CNN — What the title of J.K. Rowling's first adult novel, "A Casual Vacancy," brings to mind is pleasure: that a writer with such standing (in certain circles) has the derring-do and moxie to turn her back on the audience that first brought her fame, some years ago, and meet them again, those same people. Only it's years later, and now they're grownups. Holding their own credit cards, at the ready for this new book.
There is never a vacancy in the world of writers of books for the grownup market or the preteen mob. There is a surfeit of writers working hard, thanklessly. And when a John Updike or a Maurice Sendak dies, such quieter and under-appreciated writers note that geniuses leave a permanent loss, not a casual vacancy to be filled.
So while I have not yet read Rowling's book. I admire that she has decided to try her hand at wooing world-weary grownups. She needn't have, of course. She could have stood and blown 100-pound notes (in British sterling) out her bagpipe in that castle in Scotland from now till her dying day and never noticed the difference.
She must be writing because she needs to write.
Now, truth to tell, it's far more common in the UK for writers to shift audiences, adults to children or vice versa. Graham Greene wrote a few picture books. Salman Rushdie has written fantasies for children. C.S. Lewis was a scholar and popular theologian long before he mapped out Narnia and Tolkien, famously, a philologist and medievalist before he discovered the common hobbit.
But in the U.S., writers for children tend to do little else. When someone not primarily driven to write for children does venture into the field from the great beyond, he or she is usually slumming, dallying from the field of entertainment or sometimes politics, which is another kind of entertainment, just less funny.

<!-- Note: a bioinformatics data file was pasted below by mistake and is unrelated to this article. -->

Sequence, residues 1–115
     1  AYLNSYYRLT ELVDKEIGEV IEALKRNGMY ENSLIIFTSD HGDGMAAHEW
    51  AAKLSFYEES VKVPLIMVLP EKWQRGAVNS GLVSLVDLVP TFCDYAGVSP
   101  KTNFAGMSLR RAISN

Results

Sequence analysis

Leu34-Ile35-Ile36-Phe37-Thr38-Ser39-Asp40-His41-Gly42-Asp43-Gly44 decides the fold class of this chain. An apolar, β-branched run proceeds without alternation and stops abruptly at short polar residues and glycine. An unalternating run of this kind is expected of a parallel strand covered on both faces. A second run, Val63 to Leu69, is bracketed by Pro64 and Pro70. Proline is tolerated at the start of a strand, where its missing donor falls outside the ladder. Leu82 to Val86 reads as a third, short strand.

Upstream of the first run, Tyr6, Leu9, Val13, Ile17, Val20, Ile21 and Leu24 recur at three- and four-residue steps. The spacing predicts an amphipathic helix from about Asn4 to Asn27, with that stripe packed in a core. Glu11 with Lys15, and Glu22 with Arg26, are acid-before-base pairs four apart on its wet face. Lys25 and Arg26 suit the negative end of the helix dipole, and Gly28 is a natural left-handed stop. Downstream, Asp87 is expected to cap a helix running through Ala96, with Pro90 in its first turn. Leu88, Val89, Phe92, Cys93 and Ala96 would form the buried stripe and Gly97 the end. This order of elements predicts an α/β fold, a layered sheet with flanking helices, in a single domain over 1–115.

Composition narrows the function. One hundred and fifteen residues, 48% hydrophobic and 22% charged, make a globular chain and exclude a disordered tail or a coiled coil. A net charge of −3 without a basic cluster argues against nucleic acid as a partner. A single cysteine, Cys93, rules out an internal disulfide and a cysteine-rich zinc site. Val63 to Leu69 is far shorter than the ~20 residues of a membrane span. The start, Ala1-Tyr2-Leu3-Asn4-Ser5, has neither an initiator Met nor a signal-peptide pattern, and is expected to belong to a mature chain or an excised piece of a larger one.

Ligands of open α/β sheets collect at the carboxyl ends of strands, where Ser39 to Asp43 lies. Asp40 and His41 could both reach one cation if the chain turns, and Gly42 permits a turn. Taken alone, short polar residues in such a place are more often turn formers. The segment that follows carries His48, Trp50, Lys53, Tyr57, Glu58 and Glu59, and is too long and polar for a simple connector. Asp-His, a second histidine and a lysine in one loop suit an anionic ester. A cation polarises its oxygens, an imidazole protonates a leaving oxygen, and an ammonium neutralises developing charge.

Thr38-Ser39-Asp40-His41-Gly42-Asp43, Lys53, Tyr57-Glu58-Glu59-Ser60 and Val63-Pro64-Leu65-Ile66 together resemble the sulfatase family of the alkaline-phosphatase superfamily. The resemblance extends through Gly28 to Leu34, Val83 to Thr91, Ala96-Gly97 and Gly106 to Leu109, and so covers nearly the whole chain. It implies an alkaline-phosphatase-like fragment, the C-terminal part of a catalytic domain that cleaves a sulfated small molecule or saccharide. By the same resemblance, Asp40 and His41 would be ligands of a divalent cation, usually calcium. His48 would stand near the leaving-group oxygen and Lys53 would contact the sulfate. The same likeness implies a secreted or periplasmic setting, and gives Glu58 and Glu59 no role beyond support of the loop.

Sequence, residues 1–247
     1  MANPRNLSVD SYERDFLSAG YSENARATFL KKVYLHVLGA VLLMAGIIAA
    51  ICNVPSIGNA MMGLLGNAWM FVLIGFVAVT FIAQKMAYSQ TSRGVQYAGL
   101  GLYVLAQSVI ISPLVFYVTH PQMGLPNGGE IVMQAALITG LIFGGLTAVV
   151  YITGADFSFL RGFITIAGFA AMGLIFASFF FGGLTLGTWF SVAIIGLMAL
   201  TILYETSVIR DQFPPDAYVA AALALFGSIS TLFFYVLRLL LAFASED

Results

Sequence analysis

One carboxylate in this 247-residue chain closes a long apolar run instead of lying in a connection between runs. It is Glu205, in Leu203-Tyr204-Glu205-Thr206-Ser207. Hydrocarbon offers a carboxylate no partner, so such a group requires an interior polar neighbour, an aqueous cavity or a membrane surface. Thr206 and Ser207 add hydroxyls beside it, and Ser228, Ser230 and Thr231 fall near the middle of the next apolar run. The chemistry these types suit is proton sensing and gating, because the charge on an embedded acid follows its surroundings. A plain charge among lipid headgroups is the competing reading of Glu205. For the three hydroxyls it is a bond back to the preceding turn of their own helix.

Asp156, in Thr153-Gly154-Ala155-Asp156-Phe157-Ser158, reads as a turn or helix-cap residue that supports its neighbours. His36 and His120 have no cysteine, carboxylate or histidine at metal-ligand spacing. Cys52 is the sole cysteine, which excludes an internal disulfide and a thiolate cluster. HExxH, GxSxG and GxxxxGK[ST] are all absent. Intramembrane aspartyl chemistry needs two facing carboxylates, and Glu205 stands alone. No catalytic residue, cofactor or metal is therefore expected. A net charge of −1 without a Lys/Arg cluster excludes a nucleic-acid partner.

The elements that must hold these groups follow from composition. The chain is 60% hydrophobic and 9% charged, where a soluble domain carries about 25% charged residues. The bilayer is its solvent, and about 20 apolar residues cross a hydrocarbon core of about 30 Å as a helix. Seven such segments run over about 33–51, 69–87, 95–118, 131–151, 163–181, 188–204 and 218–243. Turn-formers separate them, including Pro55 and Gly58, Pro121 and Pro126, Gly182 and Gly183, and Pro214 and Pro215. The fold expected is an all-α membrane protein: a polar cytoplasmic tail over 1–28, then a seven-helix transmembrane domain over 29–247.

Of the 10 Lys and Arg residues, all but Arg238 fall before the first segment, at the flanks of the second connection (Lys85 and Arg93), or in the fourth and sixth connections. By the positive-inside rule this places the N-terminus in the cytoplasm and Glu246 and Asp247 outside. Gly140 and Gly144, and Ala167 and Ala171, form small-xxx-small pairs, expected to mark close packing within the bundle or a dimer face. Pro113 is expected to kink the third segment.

Most often, these books aren't very good.
In the U.S., adults who begin writing for children and then turn to writing for adults -- successfully -- are few and far between. (I am one of them; I think that because "Wicked" was based on a children's classic, it allowed me to slip the ropes of convention.)
Such a conversion to being a writer for adults after a novitiate as a writer for children is more common in England. Think of Penelope Lively, who first won the Carnegie Medal for a children's book and a few years later was shortlisted for the Booker Prize for an adult novel. Think Jane Gardam, Jill Paton Walsh. They move back and forth between the audiences with ease.
There's no reason to think J.K. Rowling can't do the same. By and large, the British don't sentimentalize childhood the way Americans tend to -- at least, not since the Blitz brought an end to Peter Pan and Mary Poppins and other British nationals who no longer could fly over central London with impunity and song.
So Rowling, from a tradition of starch and stiff-upper-lip, should have every advantage. England made her keen, and the world made her rich. She's too smart to be self-adoring or self-indulgent, so she won't fall into that trap. We'll find out soon enough whether her new effort will be a memorable book -- but it won't be a weak one, I bet, for it's been prompted by nothing more urgent than a need to write or die.
Final thought, though: No one who really gets the density and elegance and mystery of childhood is unprepared to write for adults. By comparison, the adult audience is easier to satisfy than the child audience. Adults have picked up the habit of patience. They understand the concept of delayed gratification and so can be tricked into investment in page after page, waiting for the payoff.
For their part, children are by nature fickle, distractible, alert, compulsive. If they aren't wooed and won early on, they toss the book Grandma gave them right into the rubbish bin and sally out the door.
Writing for children -- succeeding at writing for children -- is much harder than writing for adults, and an excellent internship besides.
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The opinions expressed in this commentary are solely those of Gregory Maguire.
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